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WWF Riot in Little Rock, 19 years later: The true story

The truth about what happened on that December night in Little Rock, when the fans went bananas!

Barton Coliseum has been home to many wrestling events over the years.

Little Rock, Arkansas is a fine town. It's a normal, southern, Capital city, full of people from all walks of life. Like any other city, Little Rock has its faults. The homeless population has grown significantly, there's a limit on the number of quality jobs, and of course, there's a side of town that visitors might want to avoid. 

However, it's still home to me. My friends and family are all here, my home is here, this is where I make a living and so on. As far as I'm concerned, it's not that bad of a place. Some may not agree, but it's home to me, and I have a lifetime of memories in this quaint, southern city. 

Of all of my childhood memories, many of those memories involve the old building known as Barton Coliseum. Barton was the place I watched my first live wrestling event and then many others afterwards.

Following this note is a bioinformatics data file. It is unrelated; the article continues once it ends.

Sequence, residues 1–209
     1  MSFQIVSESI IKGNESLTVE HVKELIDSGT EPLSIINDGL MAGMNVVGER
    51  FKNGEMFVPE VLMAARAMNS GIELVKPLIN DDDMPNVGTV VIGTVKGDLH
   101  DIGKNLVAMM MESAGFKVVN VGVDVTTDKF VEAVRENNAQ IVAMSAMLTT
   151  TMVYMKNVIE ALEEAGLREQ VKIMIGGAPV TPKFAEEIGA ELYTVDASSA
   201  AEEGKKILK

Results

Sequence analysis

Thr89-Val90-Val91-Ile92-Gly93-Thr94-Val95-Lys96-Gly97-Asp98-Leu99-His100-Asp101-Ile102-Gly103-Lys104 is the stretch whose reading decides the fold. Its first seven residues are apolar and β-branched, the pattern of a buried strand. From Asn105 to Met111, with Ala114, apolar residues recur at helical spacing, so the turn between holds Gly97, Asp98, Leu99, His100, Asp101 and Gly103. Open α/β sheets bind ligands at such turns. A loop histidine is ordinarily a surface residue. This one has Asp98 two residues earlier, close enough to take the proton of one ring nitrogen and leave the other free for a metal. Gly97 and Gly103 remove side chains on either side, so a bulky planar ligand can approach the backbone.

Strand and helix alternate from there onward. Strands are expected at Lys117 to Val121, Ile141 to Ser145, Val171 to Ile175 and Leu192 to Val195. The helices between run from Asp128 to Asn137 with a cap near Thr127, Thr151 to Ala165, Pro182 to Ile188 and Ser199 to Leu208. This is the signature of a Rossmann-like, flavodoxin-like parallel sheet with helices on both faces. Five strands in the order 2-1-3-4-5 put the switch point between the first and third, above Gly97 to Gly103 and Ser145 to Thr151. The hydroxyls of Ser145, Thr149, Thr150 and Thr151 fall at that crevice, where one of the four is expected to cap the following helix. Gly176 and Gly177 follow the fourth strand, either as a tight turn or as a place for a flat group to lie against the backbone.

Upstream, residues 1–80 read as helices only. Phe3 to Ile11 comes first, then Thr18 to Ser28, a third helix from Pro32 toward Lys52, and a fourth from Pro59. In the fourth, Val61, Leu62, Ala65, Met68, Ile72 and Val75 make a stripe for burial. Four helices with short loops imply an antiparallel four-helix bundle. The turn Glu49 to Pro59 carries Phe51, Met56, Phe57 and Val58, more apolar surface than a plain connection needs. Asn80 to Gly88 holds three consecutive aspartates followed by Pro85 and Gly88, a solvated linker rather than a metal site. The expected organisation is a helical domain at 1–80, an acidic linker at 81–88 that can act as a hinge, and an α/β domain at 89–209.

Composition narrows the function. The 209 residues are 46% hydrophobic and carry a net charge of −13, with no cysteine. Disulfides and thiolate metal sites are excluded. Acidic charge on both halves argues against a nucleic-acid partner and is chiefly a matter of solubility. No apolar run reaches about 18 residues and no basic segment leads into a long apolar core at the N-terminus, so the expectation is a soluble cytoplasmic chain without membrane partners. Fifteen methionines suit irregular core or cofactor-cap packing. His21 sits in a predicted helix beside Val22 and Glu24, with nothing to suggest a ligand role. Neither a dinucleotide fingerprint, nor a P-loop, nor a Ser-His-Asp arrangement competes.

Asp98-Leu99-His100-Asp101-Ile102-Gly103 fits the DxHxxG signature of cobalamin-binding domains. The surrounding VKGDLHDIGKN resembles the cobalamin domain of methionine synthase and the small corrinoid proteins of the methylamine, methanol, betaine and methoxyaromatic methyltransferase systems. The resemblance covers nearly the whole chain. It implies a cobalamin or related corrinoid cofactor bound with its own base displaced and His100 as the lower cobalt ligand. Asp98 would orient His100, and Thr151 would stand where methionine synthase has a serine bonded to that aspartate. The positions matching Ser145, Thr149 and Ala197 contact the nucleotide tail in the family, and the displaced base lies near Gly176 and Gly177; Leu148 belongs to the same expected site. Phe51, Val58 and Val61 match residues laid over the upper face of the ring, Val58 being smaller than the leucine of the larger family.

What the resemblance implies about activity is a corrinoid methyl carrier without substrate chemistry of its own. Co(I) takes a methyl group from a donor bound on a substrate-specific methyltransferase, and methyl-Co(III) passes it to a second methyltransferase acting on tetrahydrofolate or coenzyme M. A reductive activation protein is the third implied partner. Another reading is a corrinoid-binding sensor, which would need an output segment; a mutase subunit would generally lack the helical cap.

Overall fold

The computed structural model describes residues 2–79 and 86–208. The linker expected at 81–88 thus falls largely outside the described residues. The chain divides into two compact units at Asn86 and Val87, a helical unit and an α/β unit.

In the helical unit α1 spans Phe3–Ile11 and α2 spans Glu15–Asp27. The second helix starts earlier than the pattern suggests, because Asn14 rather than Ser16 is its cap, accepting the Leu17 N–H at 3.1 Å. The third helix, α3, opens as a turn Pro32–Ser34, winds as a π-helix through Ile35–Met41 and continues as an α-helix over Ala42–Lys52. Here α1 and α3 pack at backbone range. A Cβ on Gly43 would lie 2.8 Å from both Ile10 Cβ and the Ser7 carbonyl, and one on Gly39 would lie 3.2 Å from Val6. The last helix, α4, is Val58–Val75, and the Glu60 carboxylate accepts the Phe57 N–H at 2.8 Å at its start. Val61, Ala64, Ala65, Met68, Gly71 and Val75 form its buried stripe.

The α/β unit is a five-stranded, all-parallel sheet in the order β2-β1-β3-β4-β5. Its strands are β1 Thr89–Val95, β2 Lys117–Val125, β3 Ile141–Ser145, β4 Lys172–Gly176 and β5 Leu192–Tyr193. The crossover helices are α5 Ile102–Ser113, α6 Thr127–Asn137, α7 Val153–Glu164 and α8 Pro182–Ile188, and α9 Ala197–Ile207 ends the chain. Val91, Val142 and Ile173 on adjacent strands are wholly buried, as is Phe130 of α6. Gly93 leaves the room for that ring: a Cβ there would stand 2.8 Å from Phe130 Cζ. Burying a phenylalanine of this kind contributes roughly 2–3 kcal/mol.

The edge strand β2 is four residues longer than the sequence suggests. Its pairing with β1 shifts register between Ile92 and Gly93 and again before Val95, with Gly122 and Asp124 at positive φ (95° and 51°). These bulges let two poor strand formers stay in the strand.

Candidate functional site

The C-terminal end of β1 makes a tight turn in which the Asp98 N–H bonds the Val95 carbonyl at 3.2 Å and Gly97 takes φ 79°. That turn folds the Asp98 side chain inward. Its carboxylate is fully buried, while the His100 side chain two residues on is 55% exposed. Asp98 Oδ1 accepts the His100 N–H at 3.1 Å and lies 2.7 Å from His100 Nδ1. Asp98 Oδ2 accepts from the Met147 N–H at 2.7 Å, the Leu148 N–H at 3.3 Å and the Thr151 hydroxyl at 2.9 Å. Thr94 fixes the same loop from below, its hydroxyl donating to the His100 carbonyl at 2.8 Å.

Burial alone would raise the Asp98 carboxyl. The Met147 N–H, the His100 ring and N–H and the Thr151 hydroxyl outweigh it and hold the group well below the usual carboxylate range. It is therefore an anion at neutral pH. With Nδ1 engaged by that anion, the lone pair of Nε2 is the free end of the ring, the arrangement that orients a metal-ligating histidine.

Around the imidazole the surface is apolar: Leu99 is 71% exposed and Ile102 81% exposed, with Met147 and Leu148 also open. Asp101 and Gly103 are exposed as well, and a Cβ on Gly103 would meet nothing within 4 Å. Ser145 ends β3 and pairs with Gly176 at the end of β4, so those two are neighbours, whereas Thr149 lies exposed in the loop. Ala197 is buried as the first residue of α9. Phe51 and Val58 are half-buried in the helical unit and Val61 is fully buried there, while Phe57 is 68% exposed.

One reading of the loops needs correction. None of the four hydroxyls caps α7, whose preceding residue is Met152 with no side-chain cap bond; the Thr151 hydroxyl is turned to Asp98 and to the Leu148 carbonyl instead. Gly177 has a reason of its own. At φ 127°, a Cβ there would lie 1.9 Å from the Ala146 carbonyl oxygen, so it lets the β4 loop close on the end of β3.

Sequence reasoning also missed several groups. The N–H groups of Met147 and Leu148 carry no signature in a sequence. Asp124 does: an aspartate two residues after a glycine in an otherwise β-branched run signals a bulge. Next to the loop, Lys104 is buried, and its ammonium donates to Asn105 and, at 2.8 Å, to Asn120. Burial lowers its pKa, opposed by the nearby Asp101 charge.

In the mid-1980's, Barton Coliseum was a regular stopping point for Mid-South Wrestling. In fact, between Mid-South, Memphis Wrestling, as well as other local territorial wrestling promotions, Barton Coliseum held a wrestling show at least two times per month. 

This was the peak of live wrestling, from my point of view, simply because I was able to go to so many of these live events. 

In late 1997, Monday, December 15, to be exact, WWF came to town. In fact, for months leading up to the show, this event was being advertised as a Raw TV taping. At the time, there had never been a Raw taping in Little Rock, so fans were eager to get to this show.